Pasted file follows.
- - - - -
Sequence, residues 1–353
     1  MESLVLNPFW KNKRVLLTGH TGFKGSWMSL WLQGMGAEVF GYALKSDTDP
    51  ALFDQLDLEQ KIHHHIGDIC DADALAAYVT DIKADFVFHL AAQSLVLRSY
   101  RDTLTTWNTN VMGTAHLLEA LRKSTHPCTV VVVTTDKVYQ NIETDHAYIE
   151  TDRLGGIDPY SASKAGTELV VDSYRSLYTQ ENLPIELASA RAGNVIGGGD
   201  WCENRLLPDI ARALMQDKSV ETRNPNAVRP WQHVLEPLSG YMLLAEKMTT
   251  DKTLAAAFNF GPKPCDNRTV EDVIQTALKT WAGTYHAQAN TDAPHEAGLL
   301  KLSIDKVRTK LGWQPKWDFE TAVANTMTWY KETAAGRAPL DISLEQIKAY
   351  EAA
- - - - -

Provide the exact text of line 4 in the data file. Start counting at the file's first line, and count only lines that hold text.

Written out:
   101  RDTLTTWNTN VMGTAHLLEA LRKSTHPCTV VVVTTDKVYQ NIETDHAYIE